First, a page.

A smaller bank wouldn’t have had online chat reps to talk to, but also might have had more personable solution than “wait 48 hours, then call this 800 number.” This story does have a happy ending, at least: Kestris reports that the money did show up in the account before the weekend.

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  1. Blueskylaw says:

    I blame the OP for using Bunk of AmƎriKa. Know thy enemy.

    • Kestris says:

      Yeah, well, I blame my husband.}:P

      • GOInsanity says:

        Not sure why, but that made me laugh hard enough that my coworkers think I’m crazy.

        • Kestris says:

          I told him I could have walked down to the bank and gotten the money via a teller (which I did today, it’s only a block away and exercise is good for you, so they say), but he insisted on trying to be extra nice and getting the money order himself.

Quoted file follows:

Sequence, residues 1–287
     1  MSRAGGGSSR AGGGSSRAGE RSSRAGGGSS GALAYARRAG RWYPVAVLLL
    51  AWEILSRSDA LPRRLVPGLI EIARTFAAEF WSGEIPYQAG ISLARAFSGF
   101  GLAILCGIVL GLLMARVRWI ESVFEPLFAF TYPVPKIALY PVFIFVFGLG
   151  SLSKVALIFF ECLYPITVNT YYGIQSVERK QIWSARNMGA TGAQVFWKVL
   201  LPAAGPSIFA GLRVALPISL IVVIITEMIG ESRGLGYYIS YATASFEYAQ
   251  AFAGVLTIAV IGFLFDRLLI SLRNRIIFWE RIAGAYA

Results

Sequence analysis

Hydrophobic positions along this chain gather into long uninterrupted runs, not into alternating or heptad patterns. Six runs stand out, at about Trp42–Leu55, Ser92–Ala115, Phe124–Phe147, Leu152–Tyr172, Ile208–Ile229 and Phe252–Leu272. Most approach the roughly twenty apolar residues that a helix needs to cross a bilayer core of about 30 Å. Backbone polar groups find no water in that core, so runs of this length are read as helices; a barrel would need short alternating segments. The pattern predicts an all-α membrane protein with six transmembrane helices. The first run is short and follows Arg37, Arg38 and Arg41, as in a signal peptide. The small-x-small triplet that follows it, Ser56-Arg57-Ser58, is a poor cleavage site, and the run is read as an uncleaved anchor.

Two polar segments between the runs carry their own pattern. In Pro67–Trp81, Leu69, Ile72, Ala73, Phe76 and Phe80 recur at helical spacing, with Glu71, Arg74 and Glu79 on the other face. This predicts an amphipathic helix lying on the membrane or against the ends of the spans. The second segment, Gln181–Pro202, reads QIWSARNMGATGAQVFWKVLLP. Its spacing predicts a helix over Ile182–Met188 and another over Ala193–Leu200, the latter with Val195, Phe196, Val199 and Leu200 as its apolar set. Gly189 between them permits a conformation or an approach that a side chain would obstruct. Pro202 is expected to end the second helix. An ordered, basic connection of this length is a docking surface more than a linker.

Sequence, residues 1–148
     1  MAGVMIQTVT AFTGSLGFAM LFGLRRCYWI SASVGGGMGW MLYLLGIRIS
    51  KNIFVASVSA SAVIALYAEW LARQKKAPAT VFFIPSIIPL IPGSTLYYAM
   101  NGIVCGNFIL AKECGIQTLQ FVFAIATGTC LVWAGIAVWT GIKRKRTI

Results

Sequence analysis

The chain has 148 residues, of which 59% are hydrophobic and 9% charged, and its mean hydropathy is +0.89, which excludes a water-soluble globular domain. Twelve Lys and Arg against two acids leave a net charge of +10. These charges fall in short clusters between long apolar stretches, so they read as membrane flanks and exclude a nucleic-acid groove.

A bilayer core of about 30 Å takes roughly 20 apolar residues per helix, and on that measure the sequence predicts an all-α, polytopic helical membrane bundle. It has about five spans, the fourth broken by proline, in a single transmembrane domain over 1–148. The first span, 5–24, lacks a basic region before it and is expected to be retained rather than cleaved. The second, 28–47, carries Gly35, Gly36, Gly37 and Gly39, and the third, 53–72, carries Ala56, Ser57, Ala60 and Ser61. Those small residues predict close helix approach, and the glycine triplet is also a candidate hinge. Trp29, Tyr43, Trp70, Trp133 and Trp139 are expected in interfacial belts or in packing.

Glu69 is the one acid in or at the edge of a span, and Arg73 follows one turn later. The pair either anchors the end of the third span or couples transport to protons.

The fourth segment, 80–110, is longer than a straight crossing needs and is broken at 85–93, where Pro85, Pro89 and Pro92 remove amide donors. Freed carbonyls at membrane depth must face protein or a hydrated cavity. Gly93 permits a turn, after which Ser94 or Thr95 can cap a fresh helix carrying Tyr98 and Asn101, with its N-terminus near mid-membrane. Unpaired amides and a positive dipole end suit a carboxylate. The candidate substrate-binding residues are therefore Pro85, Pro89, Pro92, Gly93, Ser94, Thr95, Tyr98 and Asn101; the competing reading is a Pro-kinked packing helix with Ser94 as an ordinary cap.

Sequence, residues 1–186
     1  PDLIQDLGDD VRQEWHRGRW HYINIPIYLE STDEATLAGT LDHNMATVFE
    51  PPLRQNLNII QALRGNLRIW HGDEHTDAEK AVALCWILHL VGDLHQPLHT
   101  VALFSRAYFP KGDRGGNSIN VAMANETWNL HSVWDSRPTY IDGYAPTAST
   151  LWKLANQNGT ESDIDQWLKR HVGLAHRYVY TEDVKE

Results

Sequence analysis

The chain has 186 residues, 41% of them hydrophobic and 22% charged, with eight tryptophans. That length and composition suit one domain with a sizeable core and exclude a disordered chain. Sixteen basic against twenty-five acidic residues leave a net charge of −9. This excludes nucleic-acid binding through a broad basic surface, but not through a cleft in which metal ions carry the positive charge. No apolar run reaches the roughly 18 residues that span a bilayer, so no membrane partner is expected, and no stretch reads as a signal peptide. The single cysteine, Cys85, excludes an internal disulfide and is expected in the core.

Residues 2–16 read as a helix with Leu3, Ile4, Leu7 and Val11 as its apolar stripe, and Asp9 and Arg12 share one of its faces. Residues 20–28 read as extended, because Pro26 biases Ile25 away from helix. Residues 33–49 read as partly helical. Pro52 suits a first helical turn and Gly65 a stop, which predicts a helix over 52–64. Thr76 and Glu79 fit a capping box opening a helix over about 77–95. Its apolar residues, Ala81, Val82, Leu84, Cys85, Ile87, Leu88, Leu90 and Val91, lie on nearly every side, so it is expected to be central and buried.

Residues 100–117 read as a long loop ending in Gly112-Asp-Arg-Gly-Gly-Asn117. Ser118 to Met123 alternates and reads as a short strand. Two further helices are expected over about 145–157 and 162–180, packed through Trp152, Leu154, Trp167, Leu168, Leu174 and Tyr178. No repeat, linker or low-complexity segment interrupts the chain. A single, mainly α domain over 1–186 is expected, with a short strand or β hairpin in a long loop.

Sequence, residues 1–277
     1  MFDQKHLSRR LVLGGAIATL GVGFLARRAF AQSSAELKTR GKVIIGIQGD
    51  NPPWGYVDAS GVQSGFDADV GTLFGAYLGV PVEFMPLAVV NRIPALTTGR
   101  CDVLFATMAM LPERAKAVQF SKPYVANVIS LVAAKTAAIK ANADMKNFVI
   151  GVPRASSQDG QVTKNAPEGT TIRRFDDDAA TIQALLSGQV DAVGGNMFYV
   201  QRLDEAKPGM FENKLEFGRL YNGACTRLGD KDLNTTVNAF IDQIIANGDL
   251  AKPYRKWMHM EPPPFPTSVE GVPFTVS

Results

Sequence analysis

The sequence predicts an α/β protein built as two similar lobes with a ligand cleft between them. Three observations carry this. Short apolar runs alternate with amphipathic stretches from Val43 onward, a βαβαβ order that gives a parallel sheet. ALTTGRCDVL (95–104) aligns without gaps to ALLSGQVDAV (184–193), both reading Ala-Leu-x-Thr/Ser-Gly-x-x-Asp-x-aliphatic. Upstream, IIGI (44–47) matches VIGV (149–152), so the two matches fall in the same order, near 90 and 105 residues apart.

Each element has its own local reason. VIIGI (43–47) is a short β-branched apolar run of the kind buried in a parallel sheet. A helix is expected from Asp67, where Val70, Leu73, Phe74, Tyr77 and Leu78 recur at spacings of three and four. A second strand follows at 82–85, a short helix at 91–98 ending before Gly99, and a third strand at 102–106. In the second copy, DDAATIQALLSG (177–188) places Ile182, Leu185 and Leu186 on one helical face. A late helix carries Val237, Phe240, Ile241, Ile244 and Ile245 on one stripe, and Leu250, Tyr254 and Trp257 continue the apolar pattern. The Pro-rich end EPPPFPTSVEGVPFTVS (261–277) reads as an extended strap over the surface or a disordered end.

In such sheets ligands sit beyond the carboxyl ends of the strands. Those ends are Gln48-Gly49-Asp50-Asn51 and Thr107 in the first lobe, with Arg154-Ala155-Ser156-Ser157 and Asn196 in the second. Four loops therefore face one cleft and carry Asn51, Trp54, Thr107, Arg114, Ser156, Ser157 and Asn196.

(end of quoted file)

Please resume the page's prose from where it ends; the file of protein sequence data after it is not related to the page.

That’ll teach him.

      • Crank says:

        Sorry to be mean, but I blame both of you. Seriously.

        You state elsewhere your are a 16 year customer of BOA. So it isn’t like you’re a 21 year old with no money and even less judgment. You have a history of bouncing checks. You are not learning from your mistakes.

        This incident should be nothing more than an admittedly large annoyance. You and your husband need to stop living paycheck to paycheck. Paying rent on the 6th, equals already late rent and you’re on the last day of the no late fee grace period.

        Grow up, the two of you. Stop living beyond your means. Save an appropriate emergency fund. Six months worth of living expanses, but getting one month ahead is the first step. Work overtime, cancel your cable, stop eating out, watch other people’s children if you are stuck at home watching your own. Whatever it takes, just do it.

        • Kestris says:

          The only time we bounced a check was 8-9 years ago. We never wrote another check after that. Before that? Never bounced a check. We made a single mistake in regards to a check and learned our lesson.